I can not imagine living in a world where my media is completley controlled by the government and I am being treated like a robot. Nothing is streamed/limited for our view. We can read online conspiracies about our own country. Many people say our government is corrupt, which I agree to an extent, but I think if it was truly corrupt then it would try to censor and hide every website that defies them.
In conclusion, media has transformed due to globalization, and some places benefit from it and, and other places try to limit the media that their citizens will see.

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7 responses so far ↓

  • 1    graziella // Nov 6, 2010 at 4:50 pm

    Interesting work Amy. I must agree with you that I can’t imagine living in a world where media is completely controlled. We have it made so well here in the United States that I have been completely blinded to believe that such things actually exist in this world. Its sad how we take advantage of such things. I did a little research and found A recent study by Freedom House and they analyzed 15 governments around the world that control, monitor and censor the use of Internet and media technologies by their people, and assigned them a score from 0 (most free) to 100 (least free). Cuba, with a score of 90 was the least free, with China and Tunisia following with scores of 78 and Iran with 74. The report said:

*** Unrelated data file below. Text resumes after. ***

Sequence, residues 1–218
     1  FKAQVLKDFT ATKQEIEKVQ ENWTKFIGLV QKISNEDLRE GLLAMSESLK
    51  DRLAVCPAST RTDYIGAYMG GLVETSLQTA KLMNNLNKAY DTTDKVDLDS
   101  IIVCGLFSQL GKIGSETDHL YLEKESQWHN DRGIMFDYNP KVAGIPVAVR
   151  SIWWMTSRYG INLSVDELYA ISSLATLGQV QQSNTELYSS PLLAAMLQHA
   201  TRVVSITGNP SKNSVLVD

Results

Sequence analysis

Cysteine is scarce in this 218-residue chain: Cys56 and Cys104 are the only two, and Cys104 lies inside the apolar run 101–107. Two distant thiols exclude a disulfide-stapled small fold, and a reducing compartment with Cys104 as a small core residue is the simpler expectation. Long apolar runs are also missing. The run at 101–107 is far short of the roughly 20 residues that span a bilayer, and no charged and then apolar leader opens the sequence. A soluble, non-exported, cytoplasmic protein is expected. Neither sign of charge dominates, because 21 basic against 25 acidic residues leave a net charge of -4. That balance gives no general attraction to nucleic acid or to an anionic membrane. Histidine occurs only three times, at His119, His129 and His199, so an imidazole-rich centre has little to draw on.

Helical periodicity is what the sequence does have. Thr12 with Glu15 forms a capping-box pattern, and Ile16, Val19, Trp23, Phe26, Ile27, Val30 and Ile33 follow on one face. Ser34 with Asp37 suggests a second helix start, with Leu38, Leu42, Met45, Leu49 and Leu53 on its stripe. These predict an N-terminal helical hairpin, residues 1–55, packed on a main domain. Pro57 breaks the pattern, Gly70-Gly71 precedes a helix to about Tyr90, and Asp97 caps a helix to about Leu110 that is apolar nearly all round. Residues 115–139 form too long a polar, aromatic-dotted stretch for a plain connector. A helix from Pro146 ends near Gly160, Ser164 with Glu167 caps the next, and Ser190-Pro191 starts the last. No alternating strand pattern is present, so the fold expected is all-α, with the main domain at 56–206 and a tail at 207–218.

“Despite the slight loosening of restrictions on the sale of computer and mobile-phone equipment in 2008, Cuba remains one of the world’s most repressive environments for the internet and information and communication technologies (ICTs). There is almost no access to internet applications other than e-mail, and surveillance is extensive.”

  • 2    amy72089 // Nov 6, 2010 at 8:14 pm

    It is very sad to see that.. i know this stuff goes on, but at the same time its so hard to put it into perspective since we are so lucky to be living where we do.